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How to Buy Property in France

Updated on October 22, 2020
melbel profile image

Melanie has been interested in cultures, languages, and travel since her youth. She also runs a YouTube channel: The Curious Coder.

A country house in France
A country house in France | Source

If you're looking to purchase a home or a piece of land in France, the task ahead may seem daunting. It is very different than buying homes or land in the United States. You're in luck, the process of buying French real estate is actually fairly straightforward.

Even though buying a home in France may seem scary, you'll be protected by a number of French laws.

If you don’t know French or do not have a good grasp of it, you’ll want to hire a translator. This is for your protection since you’ll be dealing with legal contracts.

If you have dealt with real estate contracts (or really any contract) back home in the US, you already know why a translator is a good idea.

Making an Offer

Once you make an offer on a property, you have committed to making the purchase. There need not be a written offer, so be careful not to accidentally say, “I’ll buy it.”

Once the seller agrees to your offer, they will send a certified letter saying they agree. Under French law, you are given seven days from the date of receiving the letter of confirmation to pull out of the offer without penalty.

It's against French law for a seller or agent to ask you for any kind of deposit when an offer is made. That being said, don’t hand over any kind of deposit to the seller or agent. You should only be asked to give the deposit when the actual sale is being made.

Want to live in France? You might want to put some thought into purchasing a home.
Want to live in France? You might want to put some thought into purchasing a home. | Source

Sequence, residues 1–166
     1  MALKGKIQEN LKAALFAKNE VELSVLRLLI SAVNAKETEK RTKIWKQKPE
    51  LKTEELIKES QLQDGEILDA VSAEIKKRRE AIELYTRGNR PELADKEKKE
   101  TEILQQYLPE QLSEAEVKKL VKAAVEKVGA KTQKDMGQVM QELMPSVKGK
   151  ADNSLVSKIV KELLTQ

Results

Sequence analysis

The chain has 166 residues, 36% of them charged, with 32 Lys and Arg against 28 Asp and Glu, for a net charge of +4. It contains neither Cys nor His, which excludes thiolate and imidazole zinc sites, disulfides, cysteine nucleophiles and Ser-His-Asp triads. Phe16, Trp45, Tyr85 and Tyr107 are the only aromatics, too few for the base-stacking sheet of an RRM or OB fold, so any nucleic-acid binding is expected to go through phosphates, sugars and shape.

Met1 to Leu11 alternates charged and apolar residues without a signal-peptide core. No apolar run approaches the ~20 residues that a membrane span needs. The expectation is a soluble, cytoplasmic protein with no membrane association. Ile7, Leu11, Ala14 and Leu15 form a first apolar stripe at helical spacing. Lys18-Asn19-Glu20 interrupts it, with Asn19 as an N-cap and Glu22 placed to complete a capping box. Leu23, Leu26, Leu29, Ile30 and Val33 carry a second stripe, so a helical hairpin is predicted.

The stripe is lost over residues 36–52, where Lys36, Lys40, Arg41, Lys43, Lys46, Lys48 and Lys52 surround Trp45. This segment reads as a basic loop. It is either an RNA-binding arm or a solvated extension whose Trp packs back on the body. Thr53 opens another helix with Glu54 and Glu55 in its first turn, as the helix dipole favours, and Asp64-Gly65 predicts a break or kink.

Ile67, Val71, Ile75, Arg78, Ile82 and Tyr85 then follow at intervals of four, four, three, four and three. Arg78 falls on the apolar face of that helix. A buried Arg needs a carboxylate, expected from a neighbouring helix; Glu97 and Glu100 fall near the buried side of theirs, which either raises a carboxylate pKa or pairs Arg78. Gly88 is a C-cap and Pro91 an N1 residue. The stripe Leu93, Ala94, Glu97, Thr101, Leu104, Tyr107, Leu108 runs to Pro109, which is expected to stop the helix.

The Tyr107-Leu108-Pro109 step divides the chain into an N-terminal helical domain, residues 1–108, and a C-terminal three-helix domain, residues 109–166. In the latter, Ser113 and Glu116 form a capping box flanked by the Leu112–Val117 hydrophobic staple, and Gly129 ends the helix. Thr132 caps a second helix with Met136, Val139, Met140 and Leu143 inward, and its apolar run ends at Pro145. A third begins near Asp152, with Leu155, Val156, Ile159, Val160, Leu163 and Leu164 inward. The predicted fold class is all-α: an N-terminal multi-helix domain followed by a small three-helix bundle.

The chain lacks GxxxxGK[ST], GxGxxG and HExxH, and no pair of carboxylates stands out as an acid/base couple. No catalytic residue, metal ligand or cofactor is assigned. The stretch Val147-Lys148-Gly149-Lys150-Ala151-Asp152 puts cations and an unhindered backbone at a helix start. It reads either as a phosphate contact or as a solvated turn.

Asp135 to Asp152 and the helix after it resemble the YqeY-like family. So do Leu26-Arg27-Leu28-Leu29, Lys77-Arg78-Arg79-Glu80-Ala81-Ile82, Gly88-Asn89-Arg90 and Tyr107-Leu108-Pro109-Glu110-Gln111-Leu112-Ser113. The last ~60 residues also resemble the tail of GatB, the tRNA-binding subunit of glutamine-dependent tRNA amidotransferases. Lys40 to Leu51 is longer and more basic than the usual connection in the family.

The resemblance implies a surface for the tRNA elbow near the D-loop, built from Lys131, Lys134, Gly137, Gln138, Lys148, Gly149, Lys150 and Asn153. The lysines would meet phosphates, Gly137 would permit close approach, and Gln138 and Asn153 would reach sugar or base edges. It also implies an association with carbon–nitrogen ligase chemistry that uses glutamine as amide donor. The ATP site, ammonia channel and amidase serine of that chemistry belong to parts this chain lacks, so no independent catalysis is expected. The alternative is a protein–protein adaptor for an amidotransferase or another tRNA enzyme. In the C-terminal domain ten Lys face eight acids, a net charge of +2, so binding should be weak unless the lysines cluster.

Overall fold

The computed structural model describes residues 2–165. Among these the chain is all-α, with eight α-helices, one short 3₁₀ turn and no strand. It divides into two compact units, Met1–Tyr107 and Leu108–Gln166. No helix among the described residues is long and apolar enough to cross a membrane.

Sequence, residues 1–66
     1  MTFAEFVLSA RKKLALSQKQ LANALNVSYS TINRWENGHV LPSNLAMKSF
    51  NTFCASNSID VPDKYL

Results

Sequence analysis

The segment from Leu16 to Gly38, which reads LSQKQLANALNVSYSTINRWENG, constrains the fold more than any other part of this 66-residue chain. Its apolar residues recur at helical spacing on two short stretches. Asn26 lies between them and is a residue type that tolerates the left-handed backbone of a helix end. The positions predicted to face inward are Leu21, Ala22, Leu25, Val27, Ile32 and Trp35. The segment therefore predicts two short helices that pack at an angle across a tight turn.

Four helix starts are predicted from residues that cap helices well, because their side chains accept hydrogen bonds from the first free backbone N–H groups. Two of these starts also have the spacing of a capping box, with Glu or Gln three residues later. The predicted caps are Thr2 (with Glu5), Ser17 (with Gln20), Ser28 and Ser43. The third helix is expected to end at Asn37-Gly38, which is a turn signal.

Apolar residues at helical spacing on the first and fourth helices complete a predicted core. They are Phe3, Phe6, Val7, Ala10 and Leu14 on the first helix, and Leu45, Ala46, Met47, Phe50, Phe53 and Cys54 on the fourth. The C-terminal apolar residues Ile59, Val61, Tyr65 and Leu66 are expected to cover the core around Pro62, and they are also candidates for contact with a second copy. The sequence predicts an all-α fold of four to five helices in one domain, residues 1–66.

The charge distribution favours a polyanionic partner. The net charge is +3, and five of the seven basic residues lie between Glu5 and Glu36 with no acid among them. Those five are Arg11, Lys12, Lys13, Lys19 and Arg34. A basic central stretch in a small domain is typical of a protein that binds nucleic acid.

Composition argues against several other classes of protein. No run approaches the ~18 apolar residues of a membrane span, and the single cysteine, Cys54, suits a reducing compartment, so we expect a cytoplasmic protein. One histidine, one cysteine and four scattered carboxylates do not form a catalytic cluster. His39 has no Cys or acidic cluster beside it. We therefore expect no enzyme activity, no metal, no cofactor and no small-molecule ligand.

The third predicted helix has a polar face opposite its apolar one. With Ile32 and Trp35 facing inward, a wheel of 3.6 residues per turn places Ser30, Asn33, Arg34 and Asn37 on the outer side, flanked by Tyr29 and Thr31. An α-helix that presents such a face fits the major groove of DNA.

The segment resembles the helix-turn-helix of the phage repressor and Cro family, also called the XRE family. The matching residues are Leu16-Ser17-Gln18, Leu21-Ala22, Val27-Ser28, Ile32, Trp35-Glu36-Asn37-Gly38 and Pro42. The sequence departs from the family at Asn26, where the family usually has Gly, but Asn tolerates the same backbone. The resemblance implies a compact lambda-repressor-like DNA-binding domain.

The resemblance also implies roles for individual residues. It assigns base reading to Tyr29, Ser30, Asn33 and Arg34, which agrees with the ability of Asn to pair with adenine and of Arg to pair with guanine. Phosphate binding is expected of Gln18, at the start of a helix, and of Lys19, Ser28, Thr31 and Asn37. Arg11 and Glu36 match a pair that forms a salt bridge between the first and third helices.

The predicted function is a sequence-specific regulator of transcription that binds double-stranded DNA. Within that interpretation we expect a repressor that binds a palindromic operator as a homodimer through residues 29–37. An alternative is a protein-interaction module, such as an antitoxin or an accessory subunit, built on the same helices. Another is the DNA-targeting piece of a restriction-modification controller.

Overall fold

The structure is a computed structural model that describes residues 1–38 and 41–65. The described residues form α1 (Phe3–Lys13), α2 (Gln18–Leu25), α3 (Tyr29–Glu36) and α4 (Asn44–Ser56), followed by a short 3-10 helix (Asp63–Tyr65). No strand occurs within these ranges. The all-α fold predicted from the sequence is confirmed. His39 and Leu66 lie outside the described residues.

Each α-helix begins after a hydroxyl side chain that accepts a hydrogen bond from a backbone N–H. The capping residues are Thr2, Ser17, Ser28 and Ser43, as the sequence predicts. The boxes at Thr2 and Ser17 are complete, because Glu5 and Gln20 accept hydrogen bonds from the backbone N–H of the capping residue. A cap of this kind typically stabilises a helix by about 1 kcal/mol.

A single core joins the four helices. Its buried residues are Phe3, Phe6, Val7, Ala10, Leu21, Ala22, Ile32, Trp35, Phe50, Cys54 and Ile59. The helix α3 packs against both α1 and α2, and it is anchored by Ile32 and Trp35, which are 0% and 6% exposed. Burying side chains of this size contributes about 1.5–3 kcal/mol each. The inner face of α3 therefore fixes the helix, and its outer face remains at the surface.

Quick Tip!

It's a good idea to consider getting a loan from a French bank. Mortgages in France have major perks, including huge tax advantages!

Buying the Property

There are two different types of contracts when buying French property: the Promesse de Vente and the Compromis de Vente. There isn’t really much that differs between the two, however, you’ll likely use a Compromis de Vente as they are more commonly used.

In France, a 'notaire' is used for purchasing the property instead of an agent. A notaire is a publicly appointed official who can often be cheaper (cost is based on a fixed scale set by the French government.)

If the seller insists you shouldn't use a notaire, you have reason to be suspicious. A notaire will help you with any legalese and is legally responsible for making sure you're aware of everything you're signing. If you're unsure about a particular clause in the contract, ask! It's better to be safe than sorry!

Signing the Contract

Notaires usually use their own version of a contract, which may be of advantage to one of the parties involved in the agreement. This is why it’s important to have your own notaire present to make sure that the contract is exactly as you want it to be.